I left my reading of “The Case for Jesus,” with a renewed sense in of trust and wonder in the doctrine of the Resurrection. I will never teach myself Ancient Hebrew like Pitre and St. Jerome. However, Pitre reminds me that a good self-study in deep theology is the responsibility of every parent and every Religious Education teacher.

Lodging, Labor, Land: A Reflection on the Pope's UN Speech

Abigail Benjamin

Today, Pope Francis became the fifth Pope to Address the United Nations in celebration of the UN's 70th Year. I want to highlight one small section that meant a lot to my heart.

"Government leaders must do everything possible to ensure that all can have the minimum spiritual and material means needed to live in dignity and to create and support a family, which is the primary cell of any social development.  In practical terms, this absolute minimum has three names: lodging, labour, and land; and one spiritual name: spiritual freedom, which includes religious freedom, the right to education and other civil rights."
Pope Francis, UN Address, Sept 25, 2015.

I'm not a Government Leader, but I am leader. I'm encouraged to use the Pope's intellectual clarity to better prioritize the work that I need to do inside my family, inside my parish and inside my local community. I live in West Virginia. I go to church in Western Maryland. I live in a place where the poverty is long standing and chronic. I'm actually living, inside the poor state where I went to High School, because the housing situation inside the Washington D.C. Metro area is insane. 

When I heard the Pope talk about the basic need for the human family to have housing, I felt hope. I felt a sense of purpose. A family with young children needs privacy and stability. I realized that all the intense home improvement work we are doing to fix up a 850 square foot house built in 1950 and make it an elegant, and useful home for a family of 8 it part of the Pope's blueprint for a healthy society. 

If I had my choice, I would have bought a $650,000 Town House that was minutes from my husband's work in Rockville, Maryland (a Northern DC suburb) that was turn key ready and did not involve my husband watching You Tube Vidoes on cement floor tile installation while our 1 year is teething. 

When I hear the Pope talk, its like he's reminding that my life is part of a bigger struggle. The vast majority of Americans can't afford a mortgage on a $650,000 house. There has to be a different option. Our journey is to reclaim old housing in a location that is not very hip. I look around and I celebrate different solutions to the "lodging" crisis, for example, the Tiny House movement.

Moving forward after this speech, I'm going to celebrate our home with more passion. I know that this tiny place is a minimum requirement for my family's ability to function. I want to celebrate our small victories at making our house feel like home, the rosemary growing in a pot ready for use on chicken and my husband's new skill at hanging dry wall.  I'm happy that our house is really hard won, because it makes it easier to see and help our neighbors.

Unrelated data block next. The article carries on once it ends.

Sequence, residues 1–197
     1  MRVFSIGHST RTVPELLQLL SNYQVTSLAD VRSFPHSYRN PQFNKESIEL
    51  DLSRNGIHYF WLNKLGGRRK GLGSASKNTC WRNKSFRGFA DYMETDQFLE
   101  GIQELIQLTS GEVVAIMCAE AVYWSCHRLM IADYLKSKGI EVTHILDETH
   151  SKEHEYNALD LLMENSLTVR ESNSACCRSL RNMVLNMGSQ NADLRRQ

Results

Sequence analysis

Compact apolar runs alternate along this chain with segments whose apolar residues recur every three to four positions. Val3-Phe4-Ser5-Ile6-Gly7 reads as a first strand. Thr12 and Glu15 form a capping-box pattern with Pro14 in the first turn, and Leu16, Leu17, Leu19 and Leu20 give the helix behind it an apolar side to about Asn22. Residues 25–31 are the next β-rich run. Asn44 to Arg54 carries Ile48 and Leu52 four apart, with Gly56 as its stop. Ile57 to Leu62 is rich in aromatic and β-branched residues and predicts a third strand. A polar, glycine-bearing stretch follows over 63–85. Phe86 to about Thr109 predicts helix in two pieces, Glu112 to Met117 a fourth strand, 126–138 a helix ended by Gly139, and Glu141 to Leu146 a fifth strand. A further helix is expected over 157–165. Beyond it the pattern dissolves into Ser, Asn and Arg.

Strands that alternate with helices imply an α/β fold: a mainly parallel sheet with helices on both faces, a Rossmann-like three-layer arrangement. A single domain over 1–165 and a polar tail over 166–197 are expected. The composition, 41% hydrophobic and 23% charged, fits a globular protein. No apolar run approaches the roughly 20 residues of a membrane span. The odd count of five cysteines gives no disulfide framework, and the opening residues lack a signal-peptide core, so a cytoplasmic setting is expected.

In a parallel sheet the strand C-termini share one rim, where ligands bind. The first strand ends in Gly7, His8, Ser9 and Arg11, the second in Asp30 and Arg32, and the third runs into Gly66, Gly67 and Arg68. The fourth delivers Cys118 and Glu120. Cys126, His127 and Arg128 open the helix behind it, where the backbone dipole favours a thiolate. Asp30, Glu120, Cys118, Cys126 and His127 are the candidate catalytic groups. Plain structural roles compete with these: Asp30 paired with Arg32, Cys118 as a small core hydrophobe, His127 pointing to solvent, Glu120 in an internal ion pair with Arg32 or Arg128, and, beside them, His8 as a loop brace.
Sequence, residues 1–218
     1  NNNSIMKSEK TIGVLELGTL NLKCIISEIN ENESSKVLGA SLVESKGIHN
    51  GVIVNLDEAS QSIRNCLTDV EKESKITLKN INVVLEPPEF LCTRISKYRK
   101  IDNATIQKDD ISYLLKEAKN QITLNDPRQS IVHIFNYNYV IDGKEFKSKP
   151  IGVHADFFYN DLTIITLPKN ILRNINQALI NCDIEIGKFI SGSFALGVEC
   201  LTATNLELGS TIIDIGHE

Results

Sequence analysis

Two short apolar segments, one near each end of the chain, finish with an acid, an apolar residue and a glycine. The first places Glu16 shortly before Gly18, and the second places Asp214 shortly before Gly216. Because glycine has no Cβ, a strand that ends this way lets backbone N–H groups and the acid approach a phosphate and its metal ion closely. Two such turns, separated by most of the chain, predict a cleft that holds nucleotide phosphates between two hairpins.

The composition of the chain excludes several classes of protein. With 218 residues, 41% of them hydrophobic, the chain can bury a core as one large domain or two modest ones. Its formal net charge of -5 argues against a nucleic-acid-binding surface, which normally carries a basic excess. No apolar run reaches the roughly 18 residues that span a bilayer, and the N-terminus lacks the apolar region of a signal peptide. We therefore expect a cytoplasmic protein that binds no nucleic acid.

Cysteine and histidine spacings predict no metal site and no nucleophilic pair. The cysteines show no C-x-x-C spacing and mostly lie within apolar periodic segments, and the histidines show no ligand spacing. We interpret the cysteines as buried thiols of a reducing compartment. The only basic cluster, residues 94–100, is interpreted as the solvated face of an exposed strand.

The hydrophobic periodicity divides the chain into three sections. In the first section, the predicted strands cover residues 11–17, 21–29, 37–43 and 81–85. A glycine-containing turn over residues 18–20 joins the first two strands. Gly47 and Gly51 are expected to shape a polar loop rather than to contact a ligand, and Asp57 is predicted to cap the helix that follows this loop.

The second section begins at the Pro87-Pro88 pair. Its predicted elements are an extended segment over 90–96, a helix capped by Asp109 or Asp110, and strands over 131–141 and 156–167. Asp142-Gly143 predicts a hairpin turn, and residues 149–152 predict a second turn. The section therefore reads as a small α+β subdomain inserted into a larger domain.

After the Pope's UN Speech, I'm not going to join another Social Justice Committee Meeting at church. I am making myself a small sign (I'm married to a graphic artists, that what we do in our house) that says "Lodging, Labor, Land" and I'm keeping my eye on the ball that the Pope has set.  I need to be concerned about Housing, Jobs, and Land. I need to make sure that all of us have access to decent housing in my area. I need to keep praying for jobs and encouraging the people that I know and love to find meaningful work. I live in an area surrounded by farmers. I love farmers, but I never talk to them. I ususally feel to shy as a former City Kid because I don't know the "lingo." I feel like our Pope told me personally, "land" is really important, protecting the land, having safe agricultural practices, and protecting the health of our National Park and Forests.

I'm still volunteering at the Food Pantry. I'm still donating money to build wells in Africa. The call that I hear from my Pope is to go deeper into my own local community, and work in prayerful solidarity with the families in Africa and the fishermen in India, to make this World just. I want to help create a world that is easier for family life. It's beautiful to be reminded that my tiny, individual work in my town is connected to the urgent needs of the entire planet.

Thank you, Papa! 

To read the Pope's entire speech and hear your own individual action plan in his words, read here. 

For more reflections during the Papal Visit from the Catholic Women Blogger Network series, "A Walk In Words With Pope Francis," please visit here.

Book Review: "The Choice of the Family, A Call to Wholeness, Abundant Life, and Enduring Happiness" By Bishop Jean Laffitte

Abigail Benjamin

Our Pope is coming in a few weeks to join the World Meeting of Families from September 22- 25, 2015 in Philadephia.  I don't have hotel reservations, or a press pass. Instead, I'm preparing to meet Papa in an intimate audience, inside my own heart!